My foolproof approach to panel glue-ups is multi-pronged. First, ensure the surface you’re gluing your assembly on is flat, as a warped surface can transfer that warp onto your glue-up. Second, try to use similar types of clamps, thus keeping any unequal clamping pressure to a minimum. Lastly, break down a wide panel into sub-panels, gluing up two or three boards at a time. Once the sub-panels are cured, glue them up to form the final panel.


4. Notched blocks clamped over the gluelines along the ends help keep the boards flush and flat.

To edge glue two boards together, I use regular clamps with notched glue blocks like the ones shown in photo 4 to ensure flatness. The notched glue blocks of varying lengths can be easily drilled in batches on the drill press and then ripped in half.


5. This wide panel for a tabletop is made of two sub-panels, each of which, in turn, is two boards joined together.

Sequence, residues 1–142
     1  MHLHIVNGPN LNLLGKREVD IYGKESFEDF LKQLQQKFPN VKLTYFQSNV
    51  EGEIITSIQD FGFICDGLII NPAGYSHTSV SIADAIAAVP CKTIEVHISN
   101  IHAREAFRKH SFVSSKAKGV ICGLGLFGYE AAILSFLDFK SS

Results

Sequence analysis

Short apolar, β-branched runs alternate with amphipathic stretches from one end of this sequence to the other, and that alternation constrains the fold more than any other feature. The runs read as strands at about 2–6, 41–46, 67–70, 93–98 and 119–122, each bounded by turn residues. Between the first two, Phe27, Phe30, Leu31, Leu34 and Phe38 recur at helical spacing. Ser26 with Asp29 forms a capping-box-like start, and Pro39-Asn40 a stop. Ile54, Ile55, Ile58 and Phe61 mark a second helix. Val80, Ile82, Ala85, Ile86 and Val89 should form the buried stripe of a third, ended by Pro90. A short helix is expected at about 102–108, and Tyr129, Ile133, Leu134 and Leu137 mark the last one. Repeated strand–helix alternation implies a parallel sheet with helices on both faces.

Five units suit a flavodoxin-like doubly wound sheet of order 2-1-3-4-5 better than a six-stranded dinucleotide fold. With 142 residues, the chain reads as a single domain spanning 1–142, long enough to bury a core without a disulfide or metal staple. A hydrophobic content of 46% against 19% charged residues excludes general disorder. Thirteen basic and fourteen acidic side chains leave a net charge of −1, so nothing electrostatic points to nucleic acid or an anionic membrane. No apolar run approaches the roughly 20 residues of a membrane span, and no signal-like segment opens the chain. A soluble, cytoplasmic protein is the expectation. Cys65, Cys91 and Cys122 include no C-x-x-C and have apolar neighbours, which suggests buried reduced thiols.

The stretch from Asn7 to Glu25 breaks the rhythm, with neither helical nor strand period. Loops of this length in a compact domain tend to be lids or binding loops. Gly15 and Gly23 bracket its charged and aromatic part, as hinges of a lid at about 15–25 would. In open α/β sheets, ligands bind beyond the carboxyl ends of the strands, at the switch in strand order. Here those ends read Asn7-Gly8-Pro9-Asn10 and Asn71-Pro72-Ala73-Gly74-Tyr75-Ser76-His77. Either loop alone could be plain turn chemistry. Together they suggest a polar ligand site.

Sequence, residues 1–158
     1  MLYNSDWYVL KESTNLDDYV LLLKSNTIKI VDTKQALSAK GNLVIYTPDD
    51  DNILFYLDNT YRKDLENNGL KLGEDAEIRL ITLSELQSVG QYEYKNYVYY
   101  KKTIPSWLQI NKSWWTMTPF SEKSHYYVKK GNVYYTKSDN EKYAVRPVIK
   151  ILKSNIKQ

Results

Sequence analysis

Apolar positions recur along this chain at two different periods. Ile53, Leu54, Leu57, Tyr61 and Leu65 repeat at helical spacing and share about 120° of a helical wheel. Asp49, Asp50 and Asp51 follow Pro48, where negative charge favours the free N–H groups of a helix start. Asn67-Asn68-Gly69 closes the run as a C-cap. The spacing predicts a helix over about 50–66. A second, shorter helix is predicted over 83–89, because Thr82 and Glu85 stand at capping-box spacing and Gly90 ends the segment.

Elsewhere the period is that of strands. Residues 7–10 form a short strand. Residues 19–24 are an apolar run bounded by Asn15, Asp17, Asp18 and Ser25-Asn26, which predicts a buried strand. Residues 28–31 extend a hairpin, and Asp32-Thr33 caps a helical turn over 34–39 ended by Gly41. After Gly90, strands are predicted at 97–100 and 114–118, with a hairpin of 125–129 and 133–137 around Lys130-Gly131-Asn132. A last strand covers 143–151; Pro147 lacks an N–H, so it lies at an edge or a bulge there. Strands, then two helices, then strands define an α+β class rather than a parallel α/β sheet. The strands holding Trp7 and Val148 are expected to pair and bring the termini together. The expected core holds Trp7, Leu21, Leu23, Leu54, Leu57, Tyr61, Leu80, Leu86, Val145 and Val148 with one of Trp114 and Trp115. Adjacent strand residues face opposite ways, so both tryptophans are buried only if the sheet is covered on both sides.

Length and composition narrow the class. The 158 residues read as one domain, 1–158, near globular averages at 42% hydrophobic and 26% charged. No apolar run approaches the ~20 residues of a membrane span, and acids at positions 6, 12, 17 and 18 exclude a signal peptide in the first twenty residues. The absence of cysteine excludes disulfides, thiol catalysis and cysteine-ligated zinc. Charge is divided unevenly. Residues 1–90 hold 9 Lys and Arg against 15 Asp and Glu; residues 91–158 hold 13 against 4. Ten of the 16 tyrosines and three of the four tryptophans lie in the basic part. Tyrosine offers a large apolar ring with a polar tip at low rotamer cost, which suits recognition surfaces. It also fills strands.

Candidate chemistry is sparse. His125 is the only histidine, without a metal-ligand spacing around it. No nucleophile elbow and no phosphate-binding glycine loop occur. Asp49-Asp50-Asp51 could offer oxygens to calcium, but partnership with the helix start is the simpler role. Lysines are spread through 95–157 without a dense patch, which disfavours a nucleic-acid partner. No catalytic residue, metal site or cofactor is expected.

When joining, alternate the clamps over and under the workpiece to balance the clamping pressure (photo 5). Check for flatness and for any wind while the glue-up can still be adjusted. Finally, make sure you do not move the assembly right away, or lean it against a wall which could lead to warping. I prefer to let a clamped glue-up sit on a flat surface for no less than half an hour before removing the glue squeeze-out.

3. Gluing up dovetail joints

Many traditional woodworkers are taught to hand cut their through dovetails with the pins slightly proud. Custom clamping cauls are then needed to press the tail boards tight to the pin boards. I layout and cut dovetails using the method advocated by Ian Kirby, a British-trained furniture designer and teacher. His method dispenses with the use of clamping cauls for the dovetail glue-up.